Celebrating research nursing with the ‘Excellence in Cancer Research’ RCNi Nurse Award

Coronavirus (COVID-19)

We know that this is an especially worrying time so we have created a key messages document for Health Professionals focussed on safety netting patients presenting with symptoms during the coronavirus outbreak. We have also created a page on the subject specifically for patients on our about cancer hub. We will update that information as guidance changes.

Safety netting patients during covid-19

Winner of the RCNI award and finalists

In recognition of your work on clinical cancer trials, Cancer Research UK sponsors the Excellence in Cancer Research Nursing Award category of the RCNi Nurse Awards.

The award acknowledges all clinical research nurses and clinical research nursing teams delivering research to discover new ways of preventing, diagnosing or treating cancer.

Read about the inspiring work of previous winners and finalists below:

2020 RCNi Nurse Awards

In response to the current COVID-19 pandemic, the RCNi have made the decision to postpone the 2020 RCNi Nurse Awards. Thank you to those of you who submitted entries to the Excellence in Cancer Research Nursing category.

We look forward to announcing the finalists and winner later this year.

Winner: Rachel Taylor, University College London Hospitals NHS Foundation Trust

Rachel Taylor is the chief investigator and grant holder of the Sarcoma Assessment Measure (SAM) study to develop and validate a sarcoma-specific patient reported outcomes questionnaire that will improve communication between patients and their clinicians.

She established an interdisciplinary research team that reflects the diversity of healthcare professionals who care for patients with sarcoma, including nurses, psychologists, medical oncologists, a paediatrician and an orthopaedic surgeon. Patient representatives also contribute to the team as co-researchers.

SAM was one of the biggest recruiting studies in sarcoma last year, thanks to the involvement of a sarcoma research nurse in protocol development. By mapping care pathways they identified time points and people who could approach patients.

Finalist: Margaret Brunton, Clinical Research Network North West Coast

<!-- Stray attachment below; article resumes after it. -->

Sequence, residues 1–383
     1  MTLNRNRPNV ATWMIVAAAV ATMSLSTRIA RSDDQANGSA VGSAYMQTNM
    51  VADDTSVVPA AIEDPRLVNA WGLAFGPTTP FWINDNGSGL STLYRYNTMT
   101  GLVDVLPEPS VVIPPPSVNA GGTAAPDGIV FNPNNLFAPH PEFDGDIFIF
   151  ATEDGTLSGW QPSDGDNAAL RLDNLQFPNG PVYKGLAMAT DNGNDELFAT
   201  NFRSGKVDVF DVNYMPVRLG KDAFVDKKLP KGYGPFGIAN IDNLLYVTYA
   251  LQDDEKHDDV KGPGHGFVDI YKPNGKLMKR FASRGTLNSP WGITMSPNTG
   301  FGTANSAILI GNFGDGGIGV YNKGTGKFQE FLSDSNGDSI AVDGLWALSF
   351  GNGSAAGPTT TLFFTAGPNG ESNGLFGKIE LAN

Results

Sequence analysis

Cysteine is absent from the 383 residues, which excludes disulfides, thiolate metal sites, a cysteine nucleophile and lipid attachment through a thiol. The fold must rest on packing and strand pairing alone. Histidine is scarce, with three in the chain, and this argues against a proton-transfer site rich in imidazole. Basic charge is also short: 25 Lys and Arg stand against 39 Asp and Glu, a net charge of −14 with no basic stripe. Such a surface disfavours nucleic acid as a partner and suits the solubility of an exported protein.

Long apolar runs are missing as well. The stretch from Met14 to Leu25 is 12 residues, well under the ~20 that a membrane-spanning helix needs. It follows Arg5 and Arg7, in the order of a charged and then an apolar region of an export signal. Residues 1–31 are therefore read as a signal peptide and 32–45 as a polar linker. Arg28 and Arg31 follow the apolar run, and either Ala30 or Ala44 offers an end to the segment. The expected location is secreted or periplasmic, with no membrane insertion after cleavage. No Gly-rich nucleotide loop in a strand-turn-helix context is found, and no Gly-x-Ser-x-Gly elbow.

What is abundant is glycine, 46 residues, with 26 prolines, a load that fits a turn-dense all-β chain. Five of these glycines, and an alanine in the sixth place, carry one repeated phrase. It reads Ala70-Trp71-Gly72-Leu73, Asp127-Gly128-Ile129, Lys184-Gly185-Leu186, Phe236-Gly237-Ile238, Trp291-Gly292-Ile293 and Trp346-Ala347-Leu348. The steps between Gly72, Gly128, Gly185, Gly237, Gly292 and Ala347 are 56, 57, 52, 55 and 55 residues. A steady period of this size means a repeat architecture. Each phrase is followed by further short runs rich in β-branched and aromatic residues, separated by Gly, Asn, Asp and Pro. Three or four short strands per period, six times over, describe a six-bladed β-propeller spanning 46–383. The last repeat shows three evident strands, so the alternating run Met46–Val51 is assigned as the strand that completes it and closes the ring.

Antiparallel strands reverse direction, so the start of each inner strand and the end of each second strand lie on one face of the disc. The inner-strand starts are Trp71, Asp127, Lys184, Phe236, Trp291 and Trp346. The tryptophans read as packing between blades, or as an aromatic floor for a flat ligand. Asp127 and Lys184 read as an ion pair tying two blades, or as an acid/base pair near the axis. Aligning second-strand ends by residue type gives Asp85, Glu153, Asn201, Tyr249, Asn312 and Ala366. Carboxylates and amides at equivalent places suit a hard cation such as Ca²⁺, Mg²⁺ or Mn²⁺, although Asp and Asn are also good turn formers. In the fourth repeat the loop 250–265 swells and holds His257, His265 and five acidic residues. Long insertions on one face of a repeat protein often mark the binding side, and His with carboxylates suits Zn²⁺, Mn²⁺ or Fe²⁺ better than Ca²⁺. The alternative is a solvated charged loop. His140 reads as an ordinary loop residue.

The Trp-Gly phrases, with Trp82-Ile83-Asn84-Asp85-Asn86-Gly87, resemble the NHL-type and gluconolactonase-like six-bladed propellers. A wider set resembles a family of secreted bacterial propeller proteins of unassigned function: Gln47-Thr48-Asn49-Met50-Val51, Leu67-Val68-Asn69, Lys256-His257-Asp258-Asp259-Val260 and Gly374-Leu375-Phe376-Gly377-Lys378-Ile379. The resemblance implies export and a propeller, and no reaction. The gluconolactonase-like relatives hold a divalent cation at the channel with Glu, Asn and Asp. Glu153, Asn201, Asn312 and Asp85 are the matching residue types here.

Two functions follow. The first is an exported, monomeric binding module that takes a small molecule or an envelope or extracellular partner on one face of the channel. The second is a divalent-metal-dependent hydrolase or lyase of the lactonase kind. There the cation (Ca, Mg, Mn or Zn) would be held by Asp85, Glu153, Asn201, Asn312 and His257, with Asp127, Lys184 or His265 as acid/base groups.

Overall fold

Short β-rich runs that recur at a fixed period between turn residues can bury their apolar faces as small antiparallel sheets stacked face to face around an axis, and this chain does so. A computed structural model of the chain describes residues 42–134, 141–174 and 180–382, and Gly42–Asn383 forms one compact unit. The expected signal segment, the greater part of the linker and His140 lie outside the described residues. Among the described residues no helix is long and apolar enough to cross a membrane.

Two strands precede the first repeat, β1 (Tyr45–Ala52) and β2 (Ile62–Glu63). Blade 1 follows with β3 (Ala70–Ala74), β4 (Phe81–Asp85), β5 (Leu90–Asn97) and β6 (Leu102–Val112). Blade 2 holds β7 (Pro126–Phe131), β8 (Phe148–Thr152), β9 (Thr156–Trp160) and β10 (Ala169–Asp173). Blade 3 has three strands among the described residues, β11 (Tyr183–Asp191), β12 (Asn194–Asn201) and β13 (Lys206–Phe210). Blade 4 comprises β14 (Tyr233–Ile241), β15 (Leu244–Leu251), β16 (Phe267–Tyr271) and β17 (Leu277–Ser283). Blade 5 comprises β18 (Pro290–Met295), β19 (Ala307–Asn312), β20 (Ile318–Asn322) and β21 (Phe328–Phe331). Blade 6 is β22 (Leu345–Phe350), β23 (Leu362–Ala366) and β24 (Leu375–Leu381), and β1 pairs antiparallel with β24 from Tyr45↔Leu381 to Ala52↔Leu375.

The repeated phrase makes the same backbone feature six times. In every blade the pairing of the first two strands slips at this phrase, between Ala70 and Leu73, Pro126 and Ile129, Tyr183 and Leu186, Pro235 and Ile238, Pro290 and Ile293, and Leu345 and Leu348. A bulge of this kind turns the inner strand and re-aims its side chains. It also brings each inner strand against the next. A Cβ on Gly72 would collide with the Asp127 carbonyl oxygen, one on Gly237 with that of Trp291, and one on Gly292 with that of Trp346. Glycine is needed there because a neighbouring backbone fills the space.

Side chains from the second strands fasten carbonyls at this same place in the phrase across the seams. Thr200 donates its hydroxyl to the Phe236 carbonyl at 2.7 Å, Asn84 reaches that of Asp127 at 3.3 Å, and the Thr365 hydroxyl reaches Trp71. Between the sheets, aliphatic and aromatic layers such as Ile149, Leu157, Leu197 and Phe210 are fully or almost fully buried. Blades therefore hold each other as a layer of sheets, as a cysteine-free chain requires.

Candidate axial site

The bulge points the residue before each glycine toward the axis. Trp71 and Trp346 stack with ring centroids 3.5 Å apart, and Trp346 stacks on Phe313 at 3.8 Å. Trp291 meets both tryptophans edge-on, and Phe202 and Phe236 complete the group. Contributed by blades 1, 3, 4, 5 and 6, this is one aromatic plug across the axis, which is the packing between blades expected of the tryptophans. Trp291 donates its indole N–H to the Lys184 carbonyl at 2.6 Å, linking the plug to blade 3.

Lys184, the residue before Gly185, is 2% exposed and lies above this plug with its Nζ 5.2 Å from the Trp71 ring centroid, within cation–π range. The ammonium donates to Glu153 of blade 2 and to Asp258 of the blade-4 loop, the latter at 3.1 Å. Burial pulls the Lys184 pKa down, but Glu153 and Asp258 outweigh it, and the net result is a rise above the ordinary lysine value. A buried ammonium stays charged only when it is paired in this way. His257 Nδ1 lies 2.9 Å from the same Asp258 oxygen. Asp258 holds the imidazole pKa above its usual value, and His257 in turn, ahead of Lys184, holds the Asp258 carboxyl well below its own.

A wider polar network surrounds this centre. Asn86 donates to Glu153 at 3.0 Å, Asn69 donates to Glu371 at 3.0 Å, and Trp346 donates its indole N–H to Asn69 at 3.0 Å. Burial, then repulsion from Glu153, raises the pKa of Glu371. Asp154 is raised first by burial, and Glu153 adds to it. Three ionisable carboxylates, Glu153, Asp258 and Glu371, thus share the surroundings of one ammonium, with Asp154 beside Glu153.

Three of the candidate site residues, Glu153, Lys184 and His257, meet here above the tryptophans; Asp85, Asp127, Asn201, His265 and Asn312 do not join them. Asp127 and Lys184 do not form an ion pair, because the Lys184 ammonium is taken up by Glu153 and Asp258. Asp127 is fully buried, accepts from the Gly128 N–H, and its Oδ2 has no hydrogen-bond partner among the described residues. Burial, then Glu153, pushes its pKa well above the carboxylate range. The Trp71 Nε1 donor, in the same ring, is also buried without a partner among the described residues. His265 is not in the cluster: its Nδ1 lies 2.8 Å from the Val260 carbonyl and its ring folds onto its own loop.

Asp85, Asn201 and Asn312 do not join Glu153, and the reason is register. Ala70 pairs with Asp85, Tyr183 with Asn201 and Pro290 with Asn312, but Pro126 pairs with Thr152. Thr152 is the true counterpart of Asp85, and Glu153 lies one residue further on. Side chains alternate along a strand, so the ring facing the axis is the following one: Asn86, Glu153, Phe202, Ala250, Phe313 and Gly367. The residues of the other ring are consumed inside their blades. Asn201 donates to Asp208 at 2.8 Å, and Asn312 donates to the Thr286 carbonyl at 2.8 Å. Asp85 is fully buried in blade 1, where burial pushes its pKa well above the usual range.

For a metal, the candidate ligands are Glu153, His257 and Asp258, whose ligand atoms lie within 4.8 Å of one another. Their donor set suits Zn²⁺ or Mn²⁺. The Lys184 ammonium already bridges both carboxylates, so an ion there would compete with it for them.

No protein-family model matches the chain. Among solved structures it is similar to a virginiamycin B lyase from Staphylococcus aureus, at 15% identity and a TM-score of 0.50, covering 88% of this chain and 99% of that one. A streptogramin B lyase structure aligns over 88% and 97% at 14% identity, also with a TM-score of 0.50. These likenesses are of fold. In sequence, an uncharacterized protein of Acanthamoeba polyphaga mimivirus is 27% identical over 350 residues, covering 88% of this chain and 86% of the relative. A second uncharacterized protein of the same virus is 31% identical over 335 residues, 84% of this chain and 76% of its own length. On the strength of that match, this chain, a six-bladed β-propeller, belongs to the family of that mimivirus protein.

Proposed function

Lancashire Teaching Hospitals NHS Foundation Trust is currently the highest recruiting site in England for STAMPEDE – a high-impact prostate cancer trial – but faced stopping recruitment due to a crisis in research nurse capacity.

The study would not have survived without the three-year contribution of taskforce research nurse Margaret Brunton, who was seconded to the trust from Clinical Research Network North West Coast. She has helped streamline the patient pathway to ensure that deadlines for entry are not missed.

The study complexity has soared in terms of ongoing patient management and requests for historical data, yet she has continued to support greater numbers than ever with her holistic care. Patient feedback has been hugely positive, with Ms Brunton’s telephone follow-up reducing the need for patients to travel what for some is a 160-mile round trip.

Finalist: Ben Hood, Newcastle upon Tyne Hospitals NHS Foundation Trust

Newcastle CRUK (Cancer Research UK) senior nurse Ben Hood developed multimedia patient information resources for early clinical trials to support patients attending the Sir Bobby Robson Cancer Trials Research Centre who have no proven treatment options left.

He coordinated all patient and public involvement (PPI) discussion groups and drafted and proofread all the documents that emerged from the groups, ensuring the patient voice won when it conflicted with the trust’s policies on publishing information.

He has kept patients as the driving force for the project, supporting PPI members at public events to discuss its focus. He has developed a resources website, produced staff video interviews, and is now leading on development of a phone app.

Finalist: Elaine Blowers and Clare Dickinson, The Christie NHS Foundation Trust

These senior nurses took a whole-organisation approach to raising awareness of clinical trials, so that all patients coming into contact with trust staff have an equal opportunity to participate in research.

They implemented a comprehensive trust-wide programme to take their message to every member of staff at every level.

Their Introduction to Research programme includes talks, presentations and videos featuring key figures. They developed trained research champions and a staff research engagement group and created research cafes for informal talks in public hospital spaces. The senior nurses also worked with HR to ensure that job adverts, job descriptions, inductions and performance documentation incorporate research.

Finalist: Lisa Price, Newcastle upon Tyne Hospitals NHS Foundation Trust